On March 10, 2006, the career and professional achievements of Prof Peter J. Milla were honoured with a symposium and Festschrift held at the Institute of Child Health in London. It was attended by friends and colleagues from all over the globe, reflecting Peter's wide international associations and friendships. This was of course inevitable, given that he has been influential, directly or indirectly, in the training of large numbers of paediatric gastroenterologists in Europe and abroad. Indeed, Peter's distinguished career as a clinical academic at the University College London Institute of Child Health and Great Ormond Street Hospital in London has embraced a broad range of areas within paediatric gastroenterology. In many of them, his original thinking has led the way.
Peter's early medical training was undertaken at St Bartholomew's Hospital, London, Portsmouth, Winchester, then back to Barts. His academic career proper started in 1975 with a research training fellowship in the Department of Child Health at the Institute of Child Health in London.
Initially, under the influence and mentorship of Dr John Harries, Peter was particularly interested in intestinal transport studying water, electrolyte, and nutrient transport in children with protracted diarrhoea. He demonstrated that protracted diarrhoea in infants was due to a heterogenous group of conditions that resulted in both increased intestinal secretion and malabsorption of nutrients. Highlights of his work included the definition of a new congenital defect of intestinal transport, congenital Na+/H+ exchange deficiency, and a description of the ontogeny of colonic-transport mechanisms in the human infant. Subsequently, Peter oversaw groundbreaking research in which fluorescent probes and laser-scanning confocal microscopy were used to study transport in human colonoscopic biopsies in close collaboration with Prof Richard Naftalin at Kings College Hospital. His work, and studies arising from it, won the Glaxo Prize of the Physiological Society, the John Harries Prize of the European Society for Paediatric Gastroenterology and Nutrition, and the Mowat Prize of the British Society for Paediatric Gastroenterology and Nutrition for 1996 and 1997.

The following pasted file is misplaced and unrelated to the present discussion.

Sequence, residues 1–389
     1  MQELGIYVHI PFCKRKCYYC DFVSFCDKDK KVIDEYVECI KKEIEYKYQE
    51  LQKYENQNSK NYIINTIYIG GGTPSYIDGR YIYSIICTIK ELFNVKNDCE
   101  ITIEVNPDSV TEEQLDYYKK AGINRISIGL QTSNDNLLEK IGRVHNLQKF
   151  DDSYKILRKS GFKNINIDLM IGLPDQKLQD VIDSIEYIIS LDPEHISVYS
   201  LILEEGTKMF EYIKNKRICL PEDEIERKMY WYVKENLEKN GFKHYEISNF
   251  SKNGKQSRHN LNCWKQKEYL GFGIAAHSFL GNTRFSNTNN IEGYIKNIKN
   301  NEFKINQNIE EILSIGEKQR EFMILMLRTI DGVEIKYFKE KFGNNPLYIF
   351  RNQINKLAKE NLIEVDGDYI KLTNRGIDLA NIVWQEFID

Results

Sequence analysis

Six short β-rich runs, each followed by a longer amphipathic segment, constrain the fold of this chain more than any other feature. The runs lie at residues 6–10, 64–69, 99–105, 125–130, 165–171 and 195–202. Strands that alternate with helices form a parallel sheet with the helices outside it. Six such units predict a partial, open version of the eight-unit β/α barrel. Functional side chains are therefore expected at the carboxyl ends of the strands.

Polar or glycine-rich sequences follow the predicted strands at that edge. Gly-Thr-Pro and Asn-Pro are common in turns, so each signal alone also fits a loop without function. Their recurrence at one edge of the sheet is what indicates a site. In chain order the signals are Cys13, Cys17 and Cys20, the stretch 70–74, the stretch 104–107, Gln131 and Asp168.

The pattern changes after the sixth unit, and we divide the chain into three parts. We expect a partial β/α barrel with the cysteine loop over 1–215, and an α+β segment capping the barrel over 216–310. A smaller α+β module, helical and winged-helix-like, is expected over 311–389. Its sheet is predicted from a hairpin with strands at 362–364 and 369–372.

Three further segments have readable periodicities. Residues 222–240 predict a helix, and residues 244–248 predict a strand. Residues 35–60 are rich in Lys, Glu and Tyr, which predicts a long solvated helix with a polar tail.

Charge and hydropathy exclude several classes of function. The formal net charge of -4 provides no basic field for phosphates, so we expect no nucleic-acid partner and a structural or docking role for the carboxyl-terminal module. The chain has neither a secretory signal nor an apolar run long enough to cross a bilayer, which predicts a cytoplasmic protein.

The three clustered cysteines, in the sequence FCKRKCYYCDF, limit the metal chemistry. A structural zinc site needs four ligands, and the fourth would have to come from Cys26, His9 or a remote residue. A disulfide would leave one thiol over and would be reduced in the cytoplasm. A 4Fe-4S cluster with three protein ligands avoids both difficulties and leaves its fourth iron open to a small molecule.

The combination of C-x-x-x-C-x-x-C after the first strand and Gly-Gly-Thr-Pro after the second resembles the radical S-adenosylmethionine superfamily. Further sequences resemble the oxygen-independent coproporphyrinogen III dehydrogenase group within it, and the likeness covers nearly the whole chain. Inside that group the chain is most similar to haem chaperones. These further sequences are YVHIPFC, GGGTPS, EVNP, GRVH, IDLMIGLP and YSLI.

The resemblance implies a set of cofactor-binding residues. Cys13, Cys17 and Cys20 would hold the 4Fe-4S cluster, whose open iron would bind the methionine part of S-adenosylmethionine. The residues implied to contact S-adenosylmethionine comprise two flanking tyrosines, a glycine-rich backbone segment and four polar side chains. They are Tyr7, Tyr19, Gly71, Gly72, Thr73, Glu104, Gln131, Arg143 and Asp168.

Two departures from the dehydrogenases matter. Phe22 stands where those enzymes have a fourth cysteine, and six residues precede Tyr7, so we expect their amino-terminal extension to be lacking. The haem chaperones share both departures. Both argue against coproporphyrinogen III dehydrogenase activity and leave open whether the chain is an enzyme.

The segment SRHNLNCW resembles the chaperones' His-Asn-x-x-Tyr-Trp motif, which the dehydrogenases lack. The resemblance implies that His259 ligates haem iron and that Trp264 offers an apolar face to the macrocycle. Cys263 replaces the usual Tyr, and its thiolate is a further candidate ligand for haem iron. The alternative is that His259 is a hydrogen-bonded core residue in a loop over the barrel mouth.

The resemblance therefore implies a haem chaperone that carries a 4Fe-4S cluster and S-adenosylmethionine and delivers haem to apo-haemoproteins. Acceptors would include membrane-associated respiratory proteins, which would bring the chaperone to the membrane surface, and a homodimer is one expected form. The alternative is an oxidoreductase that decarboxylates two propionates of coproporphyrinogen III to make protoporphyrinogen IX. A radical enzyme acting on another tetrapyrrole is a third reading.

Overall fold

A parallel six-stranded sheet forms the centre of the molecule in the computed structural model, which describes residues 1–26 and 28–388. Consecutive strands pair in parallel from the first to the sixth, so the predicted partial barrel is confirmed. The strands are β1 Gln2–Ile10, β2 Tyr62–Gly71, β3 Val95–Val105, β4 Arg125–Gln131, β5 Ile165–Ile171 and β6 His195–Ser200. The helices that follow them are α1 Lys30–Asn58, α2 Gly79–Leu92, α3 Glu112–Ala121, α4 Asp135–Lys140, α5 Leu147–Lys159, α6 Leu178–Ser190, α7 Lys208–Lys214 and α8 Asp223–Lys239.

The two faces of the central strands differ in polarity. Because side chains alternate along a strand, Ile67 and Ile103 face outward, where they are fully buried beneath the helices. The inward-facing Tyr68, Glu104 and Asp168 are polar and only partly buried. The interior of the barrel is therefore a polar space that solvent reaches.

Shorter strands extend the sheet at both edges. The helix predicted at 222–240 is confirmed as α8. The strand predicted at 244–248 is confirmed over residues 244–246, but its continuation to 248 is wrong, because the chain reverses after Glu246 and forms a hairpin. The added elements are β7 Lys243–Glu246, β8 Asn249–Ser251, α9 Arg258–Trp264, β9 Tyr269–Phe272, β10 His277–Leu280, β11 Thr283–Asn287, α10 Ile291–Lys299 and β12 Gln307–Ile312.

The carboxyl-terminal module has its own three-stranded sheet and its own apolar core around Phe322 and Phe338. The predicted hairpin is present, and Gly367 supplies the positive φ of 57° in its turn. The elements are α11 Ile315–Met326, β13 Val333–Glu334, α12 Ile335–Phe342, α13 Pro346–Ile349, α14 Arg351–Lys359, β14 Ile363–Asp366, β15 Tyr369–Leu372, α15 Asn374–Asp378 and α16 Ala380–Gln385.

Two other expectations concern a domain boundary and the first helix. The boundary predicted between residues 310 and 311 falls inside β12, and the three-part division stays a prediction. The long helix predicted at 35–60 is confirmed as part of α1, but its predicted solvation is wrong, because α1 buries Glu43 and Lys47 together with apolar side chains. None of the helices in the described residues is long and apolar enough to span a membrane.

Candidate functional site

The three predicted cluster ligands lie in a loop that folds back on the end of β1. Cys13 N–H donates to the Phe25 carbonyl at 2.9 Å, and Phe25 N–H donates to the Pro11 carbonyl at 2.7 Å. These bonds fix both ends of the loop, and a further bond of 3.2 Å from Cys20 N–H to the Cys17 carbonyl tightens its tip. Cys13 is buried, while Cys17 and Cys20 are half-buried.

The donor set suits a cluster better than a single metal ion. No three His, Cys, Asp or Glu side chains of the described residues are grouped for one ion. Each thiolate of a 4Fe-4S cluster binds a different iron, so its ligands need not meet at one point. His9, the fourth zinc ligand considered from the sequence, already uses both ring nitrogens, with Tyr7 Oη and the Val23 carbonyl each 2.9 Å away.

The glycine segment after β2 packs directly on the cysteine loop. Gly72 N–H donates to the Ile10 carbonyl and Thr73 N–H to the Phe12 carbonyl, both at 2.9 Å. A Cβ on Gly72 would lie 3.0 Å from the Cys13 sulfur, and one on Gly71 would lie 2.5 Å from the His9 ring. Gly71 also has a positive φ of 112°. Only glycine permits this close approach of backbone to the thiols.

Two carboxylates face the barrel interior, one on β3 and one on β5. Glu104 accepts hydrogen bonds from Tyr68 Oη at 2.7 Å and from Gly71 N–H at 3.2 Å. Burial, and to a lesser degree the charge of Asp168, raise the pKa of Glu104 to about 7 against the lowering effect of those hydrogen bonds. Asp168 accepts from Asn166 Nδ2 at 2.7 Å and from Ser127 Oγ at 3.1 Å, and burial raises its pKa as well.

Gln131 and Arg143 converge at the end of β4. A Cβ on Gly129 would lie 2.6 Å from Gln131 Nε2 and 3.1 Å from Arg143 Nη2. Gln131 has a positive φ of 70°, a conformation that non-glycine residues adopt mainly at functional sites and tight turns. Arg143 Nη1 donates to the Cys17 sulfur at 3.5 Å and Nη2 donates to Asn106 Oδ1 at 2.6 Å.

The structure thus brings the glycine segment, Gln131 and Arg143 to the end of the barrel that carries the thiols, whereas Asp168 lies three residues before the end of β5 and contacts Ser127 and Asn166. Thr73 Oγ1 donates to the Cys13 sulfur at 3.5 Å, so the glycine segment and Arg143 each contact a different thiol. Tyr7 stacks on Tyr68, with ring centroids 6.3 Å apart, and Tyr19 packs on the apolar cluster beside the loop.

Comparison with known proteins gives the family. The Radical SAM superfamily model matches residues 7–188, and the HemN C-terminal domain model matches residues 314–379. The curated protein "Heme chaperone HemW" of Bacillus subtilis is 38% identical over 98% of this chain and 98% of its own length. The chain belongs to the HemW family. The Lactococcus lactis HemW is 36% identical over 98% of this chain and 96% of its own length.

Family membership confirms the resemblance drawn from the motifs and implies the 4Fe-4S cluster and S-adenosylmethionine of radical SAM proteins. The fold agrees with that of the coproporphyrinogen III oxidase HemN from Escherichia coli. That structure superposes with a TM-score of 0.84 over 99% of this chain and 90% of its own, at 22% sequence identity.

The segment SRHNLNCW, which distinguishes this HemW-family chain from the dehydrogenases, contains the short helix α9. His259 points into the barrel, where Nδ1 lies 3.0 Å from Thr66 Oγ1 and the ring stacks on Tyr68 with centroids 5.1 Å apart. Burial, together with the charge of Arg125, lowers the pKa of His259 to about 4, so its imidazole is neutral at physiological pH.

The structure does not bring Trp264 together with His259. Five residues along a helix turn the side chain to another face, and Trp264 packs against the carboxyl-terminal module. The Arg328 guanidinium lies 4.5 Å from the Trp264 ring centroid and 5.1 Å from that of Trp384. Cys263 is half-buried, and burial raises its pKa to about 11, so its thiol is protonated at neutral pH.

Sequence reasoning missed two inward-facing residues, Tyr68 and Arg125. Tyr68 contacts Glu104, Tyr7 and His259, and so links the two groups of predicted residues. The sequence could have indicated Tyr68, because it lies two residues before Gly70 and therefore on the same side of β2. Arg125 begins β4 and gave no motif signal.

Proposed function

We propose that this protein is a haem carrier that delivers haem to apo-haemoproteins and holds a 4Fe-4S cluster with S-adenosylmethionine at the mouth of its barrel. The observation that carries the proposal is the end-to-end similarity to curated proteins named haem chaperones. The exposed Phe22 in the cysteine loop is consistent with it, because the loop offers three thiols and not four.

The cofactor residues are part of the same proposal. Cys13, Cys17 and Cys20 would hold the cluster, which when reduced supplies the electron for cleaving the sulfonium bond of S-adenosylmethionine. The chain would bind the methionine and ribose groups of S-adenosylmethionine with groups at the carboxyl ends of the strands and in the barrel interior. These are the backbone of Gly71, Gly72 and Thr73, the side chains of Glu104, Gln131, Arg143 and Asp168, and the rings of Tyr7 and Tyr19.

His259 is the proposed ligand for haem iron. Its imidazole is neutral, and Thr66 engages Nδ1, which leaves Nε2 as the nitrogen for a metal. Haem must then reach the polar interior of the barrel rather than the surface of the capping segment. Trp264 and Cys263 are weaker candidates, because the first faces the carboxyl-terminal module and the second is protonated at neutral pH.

Early in his studies on intestinal transport, Peter realised that opioids affected intestinal transport as well as motility, and that at the time no systematic studies had been done on gastrointestinal motility in childhood. Peter developed methods of characterising and studying motility that were appropriate for children, enabling definition of the mechanism of toddlers' diarrhoea, exploring the ontogeny of small-intestinal motor activity in human infants, and developing an understanding that chronic intestinal pseudoobstruction was due to enteric neuromuscular disease, which was commonly congenital in nature. During this work, Peter established the first clinical research laboratory devoted to gastrointestinal motility in children. With the widespread introduction of molecular biological methods into research methodologies, he went on to explore the role of homeobox containing developmental-control genes in the development of the enteric neuromusculature as part of a programme of work designed to establish the nature of congenital defects of gut nerve and muscle. He has been instrumental in establishing and facilitating a program of work looking at the use of enteric neuronal-progenitor cells as therapeutic agents in children with congenital disorders of the enteric nervous system. Peter has been and is the epitome of a clinical academic taking an observation at the bedside, elucidating it in the laboratory, devising a treatment, and taking it back to the patients.